Vitiligo is an uncommon skin condition that affects the pigmentation in a person’s skin. Dermatologists are armed with extensive knowledge and experience in diagnosing and treating vitiligo, and they are more than willing to share it with you as you explore your options.
Here’s what we know about vitiligo, from its potential causes to how it can impact a person’s self esteem. Vitiligo is believed to be caused by nervous and immune system issues. Non-segmental vitiligo may be the result of the body’s immune system mistaking melanocytes for foreign invaders. Melanocytes are the cells contained within skin that are responsible for its color. They create melanin, which maintains a skin’s proper pigmentation. When the immune system attacks these cells, they die off and skin loses all color, becoming a pale white. Segmental vitiligo is likely the result of issues stemming from the body’s immune system, but even less is understood when it comes to segmental vitiligo. Non-segmental vitiligo is far more common, and the patches of colorless skin occur symmetrically with this condition. That means that the vitiligo appears on both halves of your body in the same area. Segmental vitiligo is loss of color in one area, without symmetry. In very, very rare instances, complete vitiligo can occur. With complete vitiligo, all color is lost. Vitiligo affects the hair just as it does the skin, meaning that if it’s on the scalp, a person’s hair can turn white. Vitiligo is generally harmless beyond its ability to impact your self-confidence. Like with any cosmetic skin condition, your mental health can be dealt the biggest blow by vitiligo.
There are a few options out there for treating vitiligo, and what we recommend depends on the size, location, and type of vitiligo. If you suspect you have vitiligo, your doctor can confirm this with an in-person assessment. They may recommend a blood test to determine whether you may have a thyroid issue that could be contributing to vitiligo. In some instances, thyroid disease is to blame for vitiligo and treating the condition can restore your skin’s natural color.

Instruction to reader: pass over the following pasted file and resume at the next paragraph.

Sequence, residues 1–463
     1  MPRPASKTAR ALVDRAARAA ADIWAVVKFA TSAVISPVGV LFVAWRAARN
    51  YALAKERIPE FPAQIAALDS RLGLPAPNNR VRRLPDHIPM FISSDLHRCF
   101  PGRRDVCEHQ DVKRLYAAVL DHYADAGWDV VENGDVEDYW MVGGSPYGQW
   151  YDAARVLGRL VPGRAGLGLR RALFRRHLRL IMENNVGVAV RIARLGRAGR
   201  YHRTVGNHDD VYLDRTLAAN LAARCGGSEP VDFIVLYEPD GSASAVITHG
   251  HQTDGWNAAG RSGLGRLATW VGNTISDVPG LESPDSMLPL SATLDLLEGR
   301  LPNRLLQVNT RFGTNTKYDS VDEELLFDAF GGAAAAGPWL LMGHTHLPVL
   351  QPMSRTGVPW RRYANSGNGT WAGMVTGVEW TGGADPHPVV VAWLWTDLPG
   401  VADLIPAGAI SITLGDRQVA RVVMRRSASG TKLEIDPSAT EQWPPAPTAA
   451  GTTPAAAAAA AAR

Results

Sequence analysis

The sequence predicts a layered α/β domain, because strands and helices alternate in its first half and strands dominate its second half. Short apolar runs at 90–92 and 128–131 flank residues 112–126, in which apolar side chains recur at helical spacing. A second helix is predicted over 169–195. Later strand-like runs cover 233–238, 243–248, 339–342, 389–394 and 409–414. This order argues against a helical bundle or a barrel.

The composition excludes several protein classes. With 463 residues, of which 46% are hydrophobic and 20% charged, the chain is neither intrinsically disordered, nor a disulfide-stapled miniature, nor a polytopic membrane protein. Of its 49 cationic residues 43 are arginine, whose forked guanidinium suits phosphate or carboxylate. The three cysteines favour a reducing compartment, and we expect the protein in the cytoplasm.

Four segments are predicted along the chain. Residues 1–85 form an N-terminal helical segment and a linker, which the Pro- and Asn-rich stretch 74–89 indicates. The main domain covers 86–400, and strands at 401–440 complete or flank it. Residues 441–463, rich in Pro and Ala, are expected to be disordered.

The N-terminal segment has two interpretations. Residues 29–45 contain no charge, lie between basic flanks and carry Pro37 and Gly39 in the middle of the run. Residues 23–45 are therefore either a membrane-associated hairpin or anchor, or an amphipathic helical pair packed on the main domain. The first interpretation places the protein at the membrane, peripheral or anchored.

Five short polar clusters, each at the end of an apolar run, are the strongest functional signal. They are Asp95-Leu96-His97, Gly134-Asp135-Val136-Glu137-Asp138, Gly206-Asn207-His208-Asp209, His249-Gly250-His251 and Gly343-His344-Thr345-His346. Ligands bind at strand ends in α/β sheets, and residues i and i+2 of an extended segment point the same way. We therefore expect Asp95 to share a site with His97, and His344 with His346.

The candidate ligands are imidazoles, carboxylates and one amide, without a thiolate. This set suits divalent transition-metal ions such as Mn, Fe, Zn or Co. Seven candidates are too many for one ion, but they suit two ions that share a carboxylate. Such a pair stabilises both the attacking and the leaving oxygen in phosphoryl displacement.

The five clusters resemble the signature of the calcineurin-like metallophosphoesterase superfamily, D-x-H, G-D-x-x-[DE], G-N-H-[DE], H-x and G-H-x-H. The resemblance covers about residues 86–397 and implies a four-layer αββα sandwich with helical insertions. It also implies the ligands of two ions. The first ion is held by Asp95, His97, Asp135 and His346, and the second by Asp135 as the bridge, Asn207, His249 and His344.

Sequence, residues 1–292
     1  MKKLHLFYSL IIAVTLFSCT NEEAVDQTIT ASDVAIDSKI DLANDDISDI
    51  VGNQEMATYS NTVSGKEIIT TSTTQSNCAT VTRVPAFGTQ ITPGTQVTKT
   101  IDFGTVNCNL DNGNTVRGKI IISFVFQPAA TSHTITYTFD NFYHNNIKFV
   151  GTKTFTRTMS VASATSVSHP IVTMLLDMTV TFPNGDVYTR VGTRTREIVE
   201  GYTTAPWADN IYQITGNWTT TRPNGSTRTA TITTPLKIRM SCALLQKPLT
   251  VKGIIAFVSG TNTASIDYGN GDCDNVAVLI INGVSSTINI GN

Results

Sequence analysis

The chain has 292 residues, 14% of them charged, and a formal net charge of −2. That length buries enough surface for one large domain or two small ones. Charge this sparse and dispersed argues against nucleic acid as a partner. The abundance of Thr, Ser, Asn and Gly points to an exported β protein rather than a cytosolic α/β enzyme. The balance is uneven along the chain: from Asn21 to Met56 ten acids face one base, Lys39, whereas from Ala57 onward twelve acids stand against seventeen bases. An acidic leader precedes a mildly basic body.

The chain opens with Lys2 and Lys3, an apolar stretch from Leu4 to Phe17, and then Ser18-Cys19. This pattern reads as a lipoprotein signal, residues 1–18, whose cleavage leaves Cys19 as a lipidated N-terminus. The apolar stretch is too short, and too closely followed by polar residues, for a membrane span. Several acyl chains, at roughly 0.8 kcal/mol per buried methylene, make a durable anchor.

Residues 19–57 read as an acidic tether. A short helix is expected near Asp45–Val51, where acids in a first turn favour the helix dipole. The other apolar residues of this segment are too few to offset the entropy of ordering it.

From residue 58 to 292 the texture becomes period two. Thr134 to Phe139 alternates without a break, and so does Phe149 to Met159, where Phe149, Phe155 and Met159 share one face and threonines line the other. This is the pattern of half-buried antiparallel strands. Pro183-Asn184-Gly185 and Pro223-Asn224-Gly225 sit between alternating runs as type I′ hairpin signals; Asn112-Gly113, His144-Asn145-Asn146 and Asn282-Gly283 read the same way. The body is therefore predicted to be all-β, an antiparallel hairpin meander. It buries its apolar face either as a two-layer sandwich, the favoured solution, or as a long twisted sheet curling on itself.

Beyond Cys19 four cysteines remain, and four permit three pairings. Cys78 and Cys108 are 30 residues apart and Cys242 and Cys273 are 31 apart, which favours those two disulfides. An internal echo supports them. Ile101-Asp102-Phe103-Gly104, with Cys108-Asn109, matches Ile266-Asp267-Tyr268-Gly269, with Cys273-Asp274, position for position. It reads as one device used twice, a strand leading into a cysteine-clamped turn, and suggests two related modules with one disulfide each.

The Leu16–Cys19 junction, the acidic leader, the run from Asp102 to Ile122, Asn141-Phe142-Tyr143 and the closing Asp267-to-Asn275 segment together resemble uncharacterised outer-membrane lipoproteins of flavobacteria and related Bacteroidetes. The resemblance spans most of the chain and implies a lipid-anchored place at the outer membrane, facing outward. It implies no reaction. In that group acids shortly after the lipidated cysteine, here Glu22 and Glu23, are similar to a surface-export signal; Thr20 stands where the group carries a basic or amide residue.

The simplest vitiligo treatment is to simply cover it up. Dermatologists and people coping with vitiligo can show you ways to camouflage vitiligo using cosmetic products like makeup. This is the safest way to reckon with vitiligo, and it’s often recommended for children or people who have reacted negatively to other treatments.
Light therapy is an effective way to manage vitiligo for many people. Depending on how large the pigmentless spots of skin are, a light box or device will be used to expose skin to UV radiation. This light therapy can help encourage weakened melanocytes to produce more melanin. If your vitiligo is fairly small and localized, laser treatment can work better. Due to its precision, a laser is much more safe and quick to administer if you’re a good candidate. After light therapy, the treated area may be darker than the surrounding skin, but it will eventually lighten to match it. Light therapy treatments must be administered more than once to maintain results, but they can last for several months between treatments.
Finally, medication may be your best bet for treating vitiligo. The first option is a corticosteroid, which is applied topically to the skin. This drug is designed to encourage weakened cells to kick into high gear and produce melanin. As with other treatments, medication will need to become a part of your life for the long haul. Because vitiligo very rarely goes away, you’re going to need to keep combating whatever reaction your body has to melanocytes.
Regardless of how experienced in vitiligo you are, the professionals at your dermatologist’s office are ready and eager to offer their help and advice. If you’re struggling with vitiligo, make the call to the dependable experts at Northeast Dermatology Associates.
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